Several states of primary concern to Washington are strengthening their economies, having survived opposition attempts to depose them. Venezuela, one of Russia’s closest allies in Latin America, has experienced something of an economic rebound in recent years. On top of that, governments in the Caribbean, as well as important regional players like Colombia, are calling for the lifting of Washington’s unilateral sanctions, which exacerbated the country’s economic crisis while causing the deaths of tens of thousands of Venezuelans.

At the same time, the economic and political situation in Nicaragua, perhaps the closest ally of China and Russia in Central America, is favourable to the continuation of the Sandinista government. The FSLN remains popular, while the country has made some notable strides in its efforts to implement socialist-oriented reforms, including in food security. Due to Sandinista policies, the country now produces over 80 percent of the food it consumes, which has prevented US sanctions from imposing hunger on the population.

Recently Nicaragua earned the number-one spot on a Gallup poll of countries whose citizens feel most at peace (73 percent of Nicaraguans polled “always” feel at peace). Meanwhile, talks between Beijing and Managua to build an interoceanic canal to rival Panama’s are continuing.

In Haiti, meanwhile, decades of intervention and occupation by Canada and the US have resulted in Russia being viewed more favourably than the North American powers. As a recent Miami Herald article explains:

Haitians are losing patience with the traditional international community over intervening in Haiti and many are expressing a preference that any such intervention be led by Russia… 41% of respondents did not believe [Canada’s] deployment of Royal Canadian Naval ships off the coast of Haiti was effective… With Haitians saying they had more trust in international action than domestic efforts, Russia was preferred by 44% of those surveyed, compared to the United States, which was at 19%. Canada had dropped from 23% to 12%.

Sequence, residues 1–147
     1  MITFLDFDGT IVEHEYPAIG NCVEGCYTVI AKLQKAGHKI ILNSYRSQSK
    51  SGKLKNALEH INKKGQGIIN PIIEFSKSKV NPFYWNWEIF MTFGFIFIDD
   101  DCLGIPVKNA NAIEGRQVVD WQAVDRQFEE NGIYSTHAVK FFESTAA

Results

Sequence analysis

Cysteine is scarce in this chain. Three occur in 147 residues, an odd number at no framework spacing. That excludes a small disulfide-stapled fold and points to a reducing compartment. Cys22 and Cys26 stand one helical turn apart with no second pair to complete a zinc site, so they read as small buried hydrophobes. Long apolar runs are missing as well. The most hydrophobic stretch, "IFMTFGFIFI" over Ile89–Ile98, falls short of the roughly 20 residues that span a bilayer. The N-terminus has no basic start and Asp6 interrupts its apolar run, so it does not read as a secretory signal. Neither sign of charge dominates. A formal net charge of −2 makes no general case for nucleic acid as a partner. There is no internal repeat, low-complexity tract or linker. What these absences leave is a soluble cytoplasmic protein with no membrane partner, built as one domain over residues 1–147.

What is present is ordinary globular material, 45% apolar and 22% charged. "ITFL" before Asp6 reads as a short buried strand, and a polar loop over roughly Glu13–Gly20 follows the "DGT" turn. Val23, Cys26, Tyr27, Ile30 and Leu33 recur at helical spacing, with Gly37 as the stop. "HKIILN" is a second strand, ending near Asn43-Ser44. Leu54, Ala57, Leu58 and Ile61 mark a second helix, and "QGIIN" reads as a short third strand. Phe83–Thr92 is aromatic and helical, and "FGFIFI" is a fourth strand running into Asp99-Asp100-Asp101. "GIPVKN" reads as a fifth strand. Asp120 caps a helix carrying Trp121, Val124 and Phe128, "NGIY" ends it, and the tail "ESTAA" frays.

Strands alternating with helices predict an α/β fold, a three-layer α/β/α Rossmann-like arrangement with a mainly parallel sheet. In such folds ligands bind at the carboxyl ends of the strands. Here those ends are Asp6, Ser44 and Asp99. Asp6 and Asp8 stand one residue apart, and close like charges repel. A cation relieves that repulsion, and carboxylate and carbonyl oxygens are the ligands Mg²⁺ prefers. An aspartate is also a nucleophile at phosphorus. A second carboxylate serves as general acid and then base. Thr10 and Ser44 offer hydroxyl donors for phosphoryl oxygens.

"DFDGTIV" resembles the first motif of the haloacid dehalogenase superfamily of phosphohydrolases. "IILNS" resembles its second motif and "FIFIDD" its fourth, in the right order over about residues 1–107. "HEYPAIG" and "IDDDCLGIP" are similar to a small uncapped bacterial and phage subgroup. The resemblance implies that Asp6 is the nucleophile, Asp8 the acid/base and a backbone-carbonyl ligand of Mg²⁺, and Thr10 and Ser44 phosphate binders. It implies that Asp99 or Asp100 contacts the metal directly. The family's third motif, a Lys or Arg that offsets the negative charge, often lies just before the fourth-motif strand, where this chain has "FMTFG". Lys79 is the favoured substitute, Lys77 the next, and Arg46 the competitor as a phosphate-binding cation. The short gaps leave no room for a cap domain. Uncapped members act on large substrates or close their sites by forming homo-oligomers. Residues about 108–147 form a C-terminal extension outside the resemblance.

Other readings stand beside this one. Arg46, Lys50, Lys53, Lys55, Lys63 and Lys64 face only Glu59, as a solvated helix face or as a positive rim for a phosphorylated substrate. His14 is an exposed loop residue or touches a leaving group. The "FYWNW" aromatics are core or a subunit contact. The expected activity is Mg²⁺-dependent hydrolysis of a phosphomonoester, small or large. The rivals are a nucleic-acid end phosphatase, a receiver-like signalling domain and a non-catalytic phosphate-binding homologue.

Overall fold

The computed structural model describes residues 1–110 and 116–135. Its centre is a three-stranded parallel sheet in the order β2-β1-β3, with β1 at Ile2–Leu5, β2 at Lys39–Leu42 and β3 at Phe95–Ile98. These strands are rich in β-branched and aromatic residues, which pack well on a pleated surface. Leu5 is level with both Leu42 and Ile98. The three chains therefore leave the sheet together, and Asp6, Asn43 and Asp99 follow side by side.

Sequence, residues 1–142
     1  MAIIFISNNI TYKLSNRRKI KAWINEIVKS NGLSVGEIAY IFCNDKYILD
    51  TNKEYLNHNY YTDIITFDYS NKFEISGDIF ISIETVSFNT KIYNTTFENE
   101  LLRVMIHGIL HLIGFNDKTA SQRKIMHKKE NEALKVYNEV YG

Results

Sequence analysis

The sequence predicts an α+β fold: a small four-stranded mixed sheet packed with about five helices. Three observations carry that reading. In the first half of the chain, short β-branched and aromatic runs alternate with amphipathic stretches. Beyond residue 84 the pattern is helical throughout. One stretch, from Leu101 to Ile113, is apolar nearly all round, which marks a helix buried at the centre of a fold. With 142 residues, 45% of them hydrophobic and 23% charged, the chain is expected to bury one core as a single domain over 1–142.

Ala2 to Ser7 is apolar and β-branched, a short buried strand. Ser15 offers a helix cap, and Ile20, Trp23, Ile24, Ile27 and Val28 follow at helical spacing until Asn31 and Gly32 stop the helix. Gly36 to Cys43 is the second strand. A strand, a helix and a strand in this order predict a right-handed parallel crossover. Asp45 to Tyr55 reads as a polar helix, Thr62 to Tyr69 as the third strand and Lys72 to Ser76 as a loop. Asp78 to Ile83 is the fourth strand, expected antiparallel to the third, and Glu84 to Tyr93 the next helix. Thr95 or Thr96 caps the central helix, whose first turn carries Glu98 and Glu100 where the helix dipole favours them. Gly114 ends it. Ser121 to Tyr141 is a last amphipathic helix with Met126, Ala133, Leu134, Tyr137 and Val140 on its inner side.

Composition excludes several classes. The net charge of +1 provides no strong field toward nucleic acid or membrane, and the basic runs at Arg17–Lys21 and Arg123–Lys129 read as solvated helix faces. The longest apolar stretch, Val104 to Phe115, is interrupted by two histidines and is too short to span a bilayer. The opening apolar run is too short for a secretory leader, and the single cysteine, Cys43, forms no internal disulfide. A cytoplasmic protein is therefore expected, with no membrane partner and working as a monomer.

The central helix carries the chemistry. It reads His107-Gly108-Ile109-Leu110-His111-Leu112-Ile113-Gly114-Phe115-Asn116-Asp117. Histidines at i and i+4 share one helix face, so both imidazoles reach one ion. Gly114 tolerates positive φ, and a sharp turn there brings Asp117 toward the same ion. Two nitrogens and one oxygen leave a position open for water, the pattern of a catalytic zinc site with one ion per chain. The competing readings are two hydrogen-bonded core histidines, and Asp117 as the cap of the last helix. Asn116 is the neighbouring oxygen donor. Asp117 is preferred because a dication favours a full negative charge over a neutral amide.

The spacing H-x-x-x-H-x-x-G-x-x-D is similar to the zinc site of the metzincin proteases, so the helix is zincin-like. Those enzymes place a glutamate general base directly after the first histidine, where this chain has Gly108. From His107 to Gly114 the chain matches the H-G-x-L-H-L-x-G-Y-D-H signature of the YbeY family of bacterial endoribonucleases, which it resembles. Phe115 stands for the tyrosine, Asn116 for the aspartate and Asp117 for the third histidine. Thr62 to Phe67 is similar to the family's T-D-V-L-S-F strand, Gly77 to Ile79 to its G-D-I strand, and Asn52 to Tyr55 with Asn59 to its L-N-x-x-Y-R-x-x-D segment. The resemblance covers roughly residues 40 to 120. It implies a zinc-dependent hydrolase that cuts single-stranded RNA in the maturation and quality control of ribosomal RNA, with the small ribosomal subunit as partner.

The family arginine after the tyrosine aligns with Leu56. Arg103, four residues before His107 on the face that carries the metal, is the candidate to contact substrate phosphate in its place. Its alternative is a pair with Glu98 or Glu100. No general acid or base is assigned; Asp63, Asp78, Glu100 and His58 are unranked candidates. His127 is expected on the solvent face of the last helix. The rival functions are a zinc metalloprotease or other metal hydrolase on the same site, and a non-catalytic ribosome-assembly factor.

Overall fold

The report by Premise Data Inc. found that, “With their politicians discredited and security deteriorating, Haitians are looking to the international community for solutions… While they wait for the gradualist programmes offered by Ottawa and Washington to bear fruit, frustration is building, creating a potential for an alternative ally to fill the vacuum.”

In Latin America and the Caribbean, the desire to continue and expand relationships with Russia and China, and to remain neutral on the war in Ukraine, is partly rooted in the violent history of Canadian and US imperialism in the region. If Ottawa and Washington fail to realize this, they will continue to isolate themselves in the hemisphere while enabling the growing influence of the geopolitical rivals they are supposedly trying to obstruct.

Owen Schalk is a writer from Manitoba. His book on Canada’s role in the war in Afghanistan will be released by Lorimer in September. You can preorder it here. To see more of his work, visit www.owenschalk.com.